If you are advising someone in this situation, or advising a Local Authority where such a thing is suspected, the President’s decision in Re M (Children) 2015 is going to be mandatory reading. It is particularly useful since it sets out in detail the orders made to protect the children and to recover them, and is an excellent route-map for future cases. Rather than drafting from scratch and having to invent what needs to be done  (and I’ve an inkling of just how hard that is in such cases), there’s now a source for how to assemble a workable order that will do the job.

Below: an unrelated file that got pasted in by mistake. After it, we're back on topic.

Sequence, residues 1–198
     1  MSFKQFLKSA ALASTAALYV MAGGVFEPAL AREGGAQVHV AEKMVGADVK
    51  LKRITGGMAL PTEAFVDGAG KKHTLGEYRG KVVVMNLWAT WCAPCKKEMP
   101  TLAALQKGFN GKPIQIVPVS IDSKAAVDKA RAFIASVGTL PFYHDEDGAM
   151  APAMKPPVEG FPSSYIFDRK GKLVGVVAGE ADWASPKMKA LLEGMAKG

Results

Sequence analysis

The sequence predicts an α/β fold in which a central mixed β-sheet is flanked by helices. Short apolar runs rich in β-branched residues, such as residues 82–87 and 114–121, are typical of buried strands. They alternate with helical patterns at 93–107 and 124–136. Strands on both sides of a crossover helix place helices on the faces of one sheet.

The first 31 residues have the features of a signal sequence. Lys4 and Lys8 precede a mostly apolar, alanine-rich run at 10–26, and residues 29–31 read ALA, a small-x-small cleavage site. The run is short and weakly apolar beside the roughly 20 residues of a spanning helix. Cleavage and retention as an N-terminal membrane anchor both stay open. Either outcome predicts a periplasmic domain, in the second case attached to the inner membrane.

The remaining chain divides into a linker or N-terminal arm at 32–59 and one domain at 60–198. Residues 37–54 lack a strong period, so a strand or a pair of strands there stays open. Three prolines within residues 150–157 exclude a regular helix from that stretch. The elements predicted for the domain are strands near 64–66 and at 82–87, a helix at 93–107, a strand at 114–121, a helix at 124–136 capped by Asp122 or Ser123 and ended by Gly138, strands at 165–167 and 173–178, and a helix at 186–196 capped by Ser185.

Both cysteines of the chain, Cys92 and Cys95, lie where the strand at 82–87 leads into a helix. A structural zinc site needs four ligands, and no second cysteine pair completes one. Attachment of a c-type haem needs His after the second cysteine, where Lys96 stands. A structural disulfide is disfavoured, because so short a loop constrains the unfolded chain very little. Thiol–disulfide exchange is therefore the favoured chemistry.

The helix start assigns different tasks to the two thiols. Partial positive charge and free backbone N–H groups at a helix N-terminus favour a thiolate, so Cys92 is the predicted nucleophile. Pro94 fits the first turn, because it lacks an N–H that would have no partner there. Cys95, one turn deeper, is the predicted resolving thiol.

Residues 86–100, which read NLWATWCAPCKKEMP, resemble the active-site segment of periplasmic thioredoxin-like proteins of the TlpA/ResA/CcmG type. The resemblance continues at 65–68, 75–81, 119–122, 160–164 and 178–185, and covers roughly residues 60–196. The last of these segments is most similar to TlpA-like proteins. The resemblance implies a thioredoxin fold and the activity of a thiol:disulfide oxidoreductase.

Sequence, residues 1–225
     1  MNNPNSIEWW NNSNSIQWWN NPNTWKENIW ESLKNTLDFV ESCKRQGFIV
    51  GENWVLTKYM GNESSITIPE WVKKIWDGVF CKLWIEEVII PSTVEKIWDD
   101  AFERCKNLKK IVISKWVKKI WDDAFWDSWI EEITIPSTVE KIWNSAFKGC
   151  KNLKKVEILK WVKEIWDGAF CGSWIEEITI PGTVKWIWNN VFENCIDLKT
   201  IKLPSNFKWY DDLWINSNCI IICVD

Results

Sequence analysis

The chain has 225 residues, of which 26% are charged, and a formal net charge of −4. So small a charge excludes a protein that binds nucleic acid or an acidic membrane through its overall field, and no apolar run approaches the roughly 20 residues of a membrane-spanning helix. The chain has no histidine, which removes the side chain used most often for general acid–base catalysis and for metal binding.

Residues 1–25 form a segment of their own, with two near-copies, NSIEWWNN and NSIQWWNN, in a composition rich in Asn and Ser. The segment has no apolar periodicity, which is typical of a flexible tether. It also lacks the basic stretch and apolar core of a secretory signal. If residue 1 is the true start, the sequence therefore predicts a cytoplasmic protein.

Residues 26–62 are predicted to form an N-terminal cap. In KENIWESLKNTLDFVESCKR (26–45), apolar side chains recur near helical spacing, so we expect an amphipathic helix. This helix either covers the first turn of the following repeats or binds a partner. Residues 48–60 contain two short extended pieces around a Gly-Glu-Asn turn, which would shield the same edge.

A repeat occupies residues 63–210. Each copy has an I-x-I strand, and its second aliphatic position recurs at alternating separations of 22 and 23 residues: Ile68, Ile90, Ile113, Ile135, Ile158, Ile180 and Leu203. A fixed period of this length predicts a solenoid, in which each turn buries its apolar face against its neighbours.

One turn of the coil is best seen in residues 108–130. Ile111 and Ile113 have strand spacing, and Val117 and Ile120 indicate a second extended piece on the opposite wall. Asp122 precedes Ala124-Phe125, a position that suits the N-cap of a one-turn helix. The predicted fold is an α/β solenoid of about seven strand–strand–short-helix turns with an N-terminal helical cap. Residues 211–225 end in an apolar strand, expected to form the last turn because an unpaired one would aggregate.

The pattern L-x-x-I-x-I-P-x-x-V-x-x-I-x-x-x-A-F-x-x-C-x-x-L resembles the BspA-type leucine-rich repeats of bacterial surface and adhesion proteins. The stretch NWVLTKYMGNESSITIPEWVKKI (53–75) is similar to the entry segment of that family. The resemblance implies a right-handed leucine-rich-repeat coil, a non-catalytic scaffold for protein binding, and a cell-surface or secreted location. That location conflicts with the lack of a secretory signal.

https://www.judiciary.gov.uk/wp-content/uploads/2015/05/re_m_20_5_152.pdf

There is one final point I must emphasise in this connection. It is the point made by Hayden J in the Tower Hamlets case (para 18(iv)):
“All involved must recognise that in this particular process it is the interest of the individual child that is paramount. This cannot be eclipsed by wider considerations of counter terrorism policy or operations, but it must be recognised that the decision the court is being asked to take can only be arrived at against an informed understanding of that wider canvas.”

There’s a very good summary by Marilyn Stowe here, and I recommend that also  http://www.marilynstowe.co.uk/2015/05/21/high-court-considers-family-who-vanished-with-their-children/

 

All agencies worked amazingly quickly and creatively to get these children back into the UK and save them from what would really be unthinkable, that they be pushed by their parents into taking up arms in a war zone.

An argument about publication of a judgment